Jan. 21, 2020 is the fourth annual National Day of Racial Healing. The day was established in January 2017 by more than 550 leaders from throughout the United States. All across the country people are marking this day in powerful and moving ways, with events and actions of all kinds.
The National Day of Racial Healing is Tuesday, January 21. Truth, Racial Healing, and Transformation Greater Chicago are bringing together people from throughout the city – concerned citizens, business leaders, faith leaders, nonprofit and government leaders, artists, and community organizers – to kick off a citywide effort to confront and heal from racism.
TRHT Greater Chicago will host 3-days of city wide racial healing circles at community centers, government agencies, nonprofits, schools, corporations, and more. Racial healing circles are designed to raise awareness, consciousness and empathy among those who participate.
January 21-23, 2020
Various locations. Visit website for more information.
Sign up to host a circle (organizations)
Sign up to participate in a circle (individuals)
January 21, 2020 is the fourth annual National Day of Racial Healing. The day was established in January 2017 by more than 550 leaders from throughout the United States. All across the country people are marking this day in powerful and moving ways, with events and actions of all kinds.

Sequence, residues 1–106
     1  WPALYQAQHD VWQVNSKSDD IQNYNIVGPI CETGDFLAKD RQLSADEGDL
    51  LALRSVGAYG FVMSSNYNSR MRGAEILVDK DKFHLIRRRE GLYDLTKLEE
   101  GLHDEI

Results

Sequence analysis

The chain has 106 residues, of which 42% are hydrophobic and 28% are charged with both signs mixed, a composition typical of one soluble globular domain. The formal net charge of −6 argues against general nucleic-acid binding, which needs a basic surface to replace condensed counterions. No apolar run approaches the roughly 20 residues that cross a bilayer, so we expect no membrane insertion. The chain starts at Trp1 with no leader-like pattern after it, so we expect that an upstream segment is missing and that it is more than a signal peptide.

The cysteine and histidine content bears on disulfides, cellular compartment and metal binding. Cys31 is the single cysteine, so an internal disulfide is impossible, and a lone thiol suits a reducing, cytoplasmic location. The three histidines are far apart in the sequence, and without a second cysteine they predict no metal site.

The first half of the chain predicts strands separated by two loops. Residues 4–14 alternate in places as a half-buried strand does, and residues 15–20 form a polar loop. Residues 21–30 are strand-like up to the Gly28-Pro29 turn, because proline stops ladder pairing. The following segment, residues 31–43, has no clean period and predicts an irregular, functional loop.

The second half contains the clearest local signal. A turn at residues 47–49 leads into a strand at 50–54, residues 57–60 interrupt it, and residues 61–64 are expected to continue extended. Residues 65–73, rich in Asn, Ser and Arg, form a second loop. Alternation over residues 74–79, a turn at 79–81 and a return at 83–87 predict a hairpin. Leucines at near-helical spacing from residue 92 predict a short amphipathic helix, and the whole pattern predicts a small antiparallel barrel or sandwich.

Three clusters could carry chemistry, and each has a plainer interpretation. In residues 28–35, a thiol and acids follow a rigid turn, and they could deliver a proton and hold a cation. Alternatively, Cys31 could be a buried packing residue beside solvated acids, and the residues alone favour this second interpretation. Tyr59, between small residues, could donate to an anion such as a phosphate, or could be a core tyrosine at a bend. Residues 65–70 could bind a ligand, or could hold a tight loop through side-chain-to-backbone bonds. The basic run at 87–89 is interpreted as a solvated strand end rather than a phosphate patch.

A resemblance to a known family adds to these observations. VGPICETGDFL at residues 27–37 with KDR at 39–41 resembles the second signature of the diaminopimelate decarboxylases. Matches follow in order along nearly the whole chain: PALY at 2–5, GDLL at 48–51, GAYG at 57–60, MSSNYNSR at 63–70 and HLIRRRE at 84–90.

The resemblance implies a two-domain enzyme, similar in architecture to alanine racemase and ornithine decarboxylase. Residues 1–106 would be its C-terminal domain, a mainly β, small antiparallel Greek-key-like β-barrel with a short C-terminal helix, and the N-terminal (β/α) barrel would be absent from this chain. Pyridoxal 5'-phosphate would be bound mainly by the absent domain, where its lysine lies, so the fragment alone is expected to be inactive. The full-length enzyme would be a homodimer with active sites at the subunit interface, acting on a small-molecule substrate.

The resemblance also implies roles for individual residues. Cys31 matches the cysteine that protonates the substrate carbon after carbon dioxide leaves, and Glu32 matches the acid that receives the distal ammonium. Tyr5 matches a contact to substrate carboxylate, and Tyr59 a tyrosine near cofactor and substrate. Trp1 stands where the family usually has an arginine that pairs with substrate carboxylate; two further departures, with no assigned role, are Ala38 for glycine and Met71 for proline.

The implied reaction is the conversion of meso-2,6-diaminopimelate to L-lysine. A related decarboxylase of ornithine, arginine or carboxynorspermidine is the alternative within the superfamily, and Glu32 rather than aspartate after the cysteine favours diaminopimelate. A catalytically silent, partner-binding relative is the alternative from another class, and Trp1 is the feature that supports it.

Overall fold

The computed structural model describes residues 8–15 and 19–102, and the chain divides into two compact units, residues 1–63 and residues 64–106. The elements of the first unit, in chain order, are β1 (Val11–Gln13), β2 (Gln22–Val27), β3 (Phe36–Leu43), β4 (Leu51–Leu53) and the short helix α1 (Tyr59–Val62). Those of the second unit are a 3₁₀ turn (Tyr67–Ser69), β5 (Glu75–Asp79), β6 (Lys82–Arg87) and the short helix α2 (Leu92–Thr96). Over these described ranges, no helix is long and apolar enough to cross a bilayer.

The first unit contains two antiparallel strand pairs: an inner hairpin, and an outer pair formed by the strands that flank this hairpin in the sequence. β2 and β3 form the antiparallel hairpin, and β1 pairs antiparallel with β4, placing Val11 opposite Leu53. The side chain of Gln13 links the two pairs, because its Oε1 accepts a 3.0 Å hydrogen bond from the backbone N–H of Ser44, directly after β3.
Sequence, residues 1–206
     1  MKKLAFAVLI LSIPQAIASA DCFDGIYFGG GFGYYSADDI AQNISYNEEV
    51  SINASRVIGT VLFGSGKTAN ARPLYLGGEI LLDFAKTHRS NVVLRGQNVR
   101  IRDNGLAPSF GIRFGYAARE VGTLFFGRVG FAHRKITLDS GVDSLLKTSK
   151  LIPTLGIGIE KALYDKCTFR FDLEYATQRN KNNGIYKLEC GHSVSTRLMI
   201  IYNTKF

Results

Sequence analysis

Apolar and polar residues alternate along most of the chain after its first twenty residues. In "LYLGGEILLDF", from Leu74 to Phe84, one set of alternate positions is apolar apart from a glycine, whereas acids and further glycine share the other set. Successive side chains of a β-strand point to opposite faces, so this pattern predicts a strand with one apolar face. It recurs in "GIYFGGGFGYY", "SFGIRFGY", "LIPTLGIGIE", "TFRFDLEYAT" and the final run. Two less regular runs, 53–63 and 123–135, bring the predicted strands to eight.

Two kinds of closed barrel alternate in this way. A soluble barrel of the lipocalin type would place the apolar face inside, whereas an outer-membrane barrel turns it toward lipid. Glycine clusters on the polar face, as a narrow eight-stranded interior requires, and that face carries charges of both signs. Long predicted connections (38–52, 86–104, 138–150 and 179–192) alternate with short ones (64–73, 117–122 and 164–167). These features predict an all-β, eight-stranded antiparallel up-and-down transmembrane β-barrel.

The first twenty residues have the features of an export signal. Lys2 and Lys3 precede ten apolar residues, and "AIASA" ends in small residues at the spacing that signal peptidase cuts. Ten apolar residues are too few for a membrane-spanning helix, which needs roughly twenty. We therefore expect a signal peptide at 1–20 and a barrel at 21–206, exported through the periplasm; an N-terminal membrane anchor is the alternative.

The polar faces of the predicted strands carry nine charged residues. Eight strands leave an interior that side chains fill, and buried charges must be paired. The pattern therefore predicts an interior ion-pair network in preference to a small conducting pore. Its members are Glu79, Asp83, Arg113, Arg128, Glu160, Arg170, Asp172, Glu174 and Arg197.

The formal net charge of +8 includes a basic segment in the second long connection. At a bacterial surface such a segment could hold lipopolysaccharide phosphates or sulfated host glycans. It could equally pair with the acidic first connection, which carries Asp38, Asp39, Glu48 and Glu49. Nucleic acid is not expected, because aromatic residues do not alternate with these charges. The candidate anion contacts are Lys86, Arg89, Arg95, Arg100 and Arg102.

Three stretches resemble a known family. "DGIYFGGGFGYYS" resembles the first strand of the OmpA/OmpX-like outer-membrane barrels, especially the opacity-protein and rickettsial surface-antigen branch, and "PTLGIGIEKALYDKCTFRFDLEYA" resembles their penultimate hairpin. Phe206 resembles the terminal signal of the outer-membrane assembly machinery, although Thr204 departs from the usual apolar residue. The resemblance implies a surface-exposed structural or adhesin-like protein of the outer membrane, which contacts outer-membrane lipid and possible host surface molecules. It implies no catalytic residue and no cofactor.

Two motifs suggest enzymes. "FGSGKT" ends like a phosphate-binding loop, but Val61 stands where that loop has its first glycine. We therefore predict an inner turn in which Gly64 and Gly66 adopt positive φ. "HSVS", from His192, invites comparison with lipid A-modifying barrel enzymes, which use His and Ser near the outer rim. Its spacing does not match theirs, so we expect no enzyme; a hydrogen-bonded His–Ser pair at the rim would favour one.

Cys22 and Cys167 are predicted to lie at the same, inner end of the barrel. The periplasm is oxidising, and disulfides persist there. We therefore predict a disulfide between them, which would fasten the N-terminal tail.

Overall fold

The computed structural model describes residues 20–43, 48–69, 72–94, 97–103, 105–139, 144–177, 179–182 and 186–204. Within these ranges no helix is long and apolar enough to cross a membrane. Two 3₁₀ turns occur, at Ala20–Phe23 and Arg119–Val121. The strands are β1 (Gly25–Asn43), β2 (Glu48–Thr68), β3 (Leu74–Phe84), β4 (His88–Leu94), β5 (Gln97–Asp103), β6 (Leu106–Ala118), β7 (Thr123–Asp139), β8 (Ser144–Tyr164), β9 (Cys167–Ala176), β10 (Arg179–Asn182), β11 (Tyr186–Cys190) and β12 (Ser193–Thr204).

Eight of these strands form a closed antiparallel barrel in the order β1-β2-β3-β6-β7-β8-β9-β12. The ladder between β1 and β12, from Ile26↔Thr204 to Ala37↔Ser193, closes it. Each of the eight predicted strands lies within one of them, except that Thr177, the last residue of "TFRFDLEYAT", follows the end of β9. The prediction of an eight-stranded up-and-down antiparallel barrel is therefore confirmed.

So many of the problems plaguing Chicago – violence, troubled schools, health, wealth and opportunity gaps – are rooted in racism that is embedded in our city’s history. The dehumanization of people of color throughout our city’s past and present has caused forced separation, racial inequity, and injustice that impacts our economy, neighborhoods and relationships. This racism is so obvious to some, but not to others.
Racial healing recognizes the need to acknowledge and tell the truth about past wrongs created by individual as well as systemic racism and address the present consequences. We believe it is essential to pursue racial healing prior to making change work in a community. Because, before we can transform systems and structures, we must do the work on ourselves/our people FIRST.
This article originally appeared in The Chicago Crusader.
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